Boston Linux & UNIX was originally founded in 1994 as part of The Boston Computer Society. We meet on the third Wednesday of each month at the Massachusetts Institute of Technology, in Building E51.

BLU Discuss list archive

[Date Prev][Date Next][Thread Prev][Thread Next][Date Index][Thread Index]

[Discuss] NAS: encryption

> From: Discuss [ at] On
> Behalf Of Tom Metro
> > You seem to think there's an obstacle which isn't really real -
> > Encryption is very cheap computationally, so cheap indeed it can be
> > done by the disks themselves.
> Yes, disk that have hardware acceleration for that purpose.

Yes, aka "self encrypting drives." Which are very common and readily available.

If you don't have a self-encrypting drive, then obviously the encryption must be done on your CPU.

Some appliances have support for self-encrypting drives. The appliance only needs to store the encryption key somehow (exercise left to reader) and in BIOS, tell the drives to encrypt themselves.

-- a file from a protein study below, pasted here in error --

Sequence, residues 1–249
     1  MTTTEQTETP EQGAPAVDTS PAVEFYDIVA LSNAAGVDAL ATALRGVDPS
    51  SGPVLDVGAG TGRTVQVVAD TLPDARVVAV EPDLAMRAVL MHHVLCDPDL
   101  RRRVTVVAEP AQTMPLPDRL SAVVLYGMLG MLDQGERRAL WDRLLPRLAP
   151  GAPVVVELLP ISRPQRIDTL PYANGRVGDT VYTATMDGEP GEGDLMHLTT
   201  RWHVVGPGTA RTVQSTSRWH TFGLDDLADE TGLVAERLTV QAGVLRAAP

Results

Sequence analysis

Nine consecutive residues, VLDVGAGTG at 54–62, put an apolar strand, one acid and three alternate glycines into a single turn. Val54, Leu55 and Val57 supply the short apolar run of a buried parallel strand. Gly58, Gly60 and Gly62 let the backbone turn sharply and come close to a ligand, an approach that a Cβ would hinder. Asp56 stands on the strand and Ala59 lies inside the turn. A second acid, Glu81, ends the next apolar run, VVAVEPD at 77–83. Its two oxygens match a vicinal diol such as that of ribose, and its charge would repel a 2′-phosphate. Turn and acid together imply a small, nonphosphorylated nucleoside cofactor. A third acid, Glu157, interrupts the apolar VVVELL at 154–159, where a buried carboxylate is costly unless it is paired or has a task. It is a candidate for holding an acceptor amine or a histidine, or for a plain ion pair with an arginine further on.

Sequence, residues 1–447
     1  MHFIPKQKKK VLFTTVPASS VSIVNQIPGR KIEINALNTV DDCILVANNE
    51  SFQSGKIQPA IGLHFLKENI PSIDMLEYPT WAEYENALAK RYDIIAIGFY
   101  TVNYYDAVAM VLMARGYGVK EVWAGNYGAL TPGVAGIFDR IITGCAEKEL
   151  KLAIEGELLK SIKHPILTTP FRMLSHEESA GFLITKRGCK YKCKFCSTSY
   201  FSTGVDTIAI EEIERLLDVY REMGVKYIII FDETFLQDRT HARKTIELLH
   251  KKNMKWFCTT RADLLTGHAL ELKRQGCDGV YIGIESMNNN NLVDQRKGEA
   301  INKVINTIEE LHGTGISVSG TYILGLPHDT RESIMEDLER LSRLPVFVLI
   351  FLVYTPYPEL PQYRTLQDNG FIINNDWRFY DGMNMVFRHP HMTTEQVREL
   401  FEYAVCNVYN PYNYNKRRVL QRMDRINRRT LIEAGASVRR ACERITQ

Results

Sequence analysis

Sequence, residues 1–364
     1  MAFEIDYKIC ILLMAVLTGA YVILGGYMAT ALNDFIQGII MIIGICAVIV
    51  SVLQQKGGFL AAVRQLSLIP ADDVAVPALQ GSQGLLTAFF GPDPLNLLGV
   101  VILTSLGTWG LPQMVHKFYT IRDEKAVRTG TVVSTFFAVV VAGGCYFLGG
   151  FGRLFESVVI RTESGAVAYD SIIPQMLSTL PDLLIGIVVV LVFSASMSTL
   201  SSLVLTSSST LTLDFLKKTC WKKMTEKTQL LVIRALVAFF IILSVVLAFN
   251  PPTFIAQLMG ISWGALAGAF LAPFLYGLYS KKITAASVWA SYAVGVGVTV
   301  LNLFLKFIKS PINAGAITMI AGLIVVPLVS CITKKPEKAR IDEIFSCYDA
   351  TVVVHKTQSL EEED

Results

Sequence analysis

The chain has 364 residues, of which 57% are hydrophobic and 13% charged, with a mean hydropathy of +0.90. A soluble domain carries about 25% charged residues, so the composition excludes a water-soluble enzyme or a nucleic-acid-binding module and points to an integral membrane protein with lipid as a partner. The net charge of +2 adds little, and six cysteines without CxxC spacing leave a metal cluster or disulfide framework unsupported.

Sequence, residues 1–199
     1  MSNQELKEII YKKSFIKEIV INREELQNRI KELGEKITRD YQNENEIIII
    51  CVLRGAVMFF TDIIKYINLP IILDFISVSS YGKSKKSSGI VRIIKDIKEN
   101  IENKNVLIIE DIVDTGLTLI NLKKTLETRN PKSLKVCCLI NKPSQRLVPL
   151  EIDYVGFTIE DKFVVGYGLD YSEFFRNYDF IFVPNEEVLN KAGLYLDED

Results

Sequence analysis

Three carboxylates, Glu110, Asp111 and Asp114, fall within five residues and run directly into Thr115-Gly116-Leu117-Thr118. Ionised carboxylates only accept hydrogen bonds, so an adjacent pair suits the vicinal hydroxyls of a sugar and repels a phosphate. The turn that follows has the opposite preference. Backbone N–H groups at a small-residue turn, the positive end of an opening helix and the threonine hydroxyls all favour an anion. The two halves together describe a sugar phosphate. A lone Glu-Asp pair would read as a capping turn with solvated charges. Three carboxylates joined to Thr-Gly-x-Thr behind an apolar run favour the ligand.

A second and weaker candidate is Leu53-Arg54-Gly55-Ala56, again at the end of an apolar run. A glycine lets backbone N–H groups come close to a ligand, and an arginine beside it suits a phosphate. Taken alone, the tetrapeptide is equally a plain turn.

I know how Microsoft securely stores the encryption keys in TPM - I can't speak to any other OSes or appliances that use the TPM or other techniques.

> While we are certainly heading in the direction where the CPU overhead
> for encryption can be ignored, even in low-end embedded devices, we are
> not there yet.

We are certainly there, *except* in situations with puny cpu's and no hardware acceleration.

On a CPU that has AES-NI (the AES New Instruction set, which was new around 6-7 years ago), you can max out your SATA bus and it will utilize around 3-4% CPU time of a single core. This compares to around 30-40% if you don't have AES-NI. But admittedly - this is an x86 laptop processor, which is going to be much more powerful than a little ARM or similar.

So even if you lack the hardware acceleration, you don't get CPU performance limited; you just burn some unnecessary CPU power.

> Doing AES-256 CBC 1024, the Pi is about 10x slower than an i5 per the

Agreed. It is not going to work well, to run encryption on an ARM processor without AES hardware acceleration.

BLU is a member of BostonUserGroups
BLU is a member of BostonUserGroups
We also thank MIT for the use of their facilities.

Valid HTML 4.01! Valid CSS!

Boston Linux & Unix /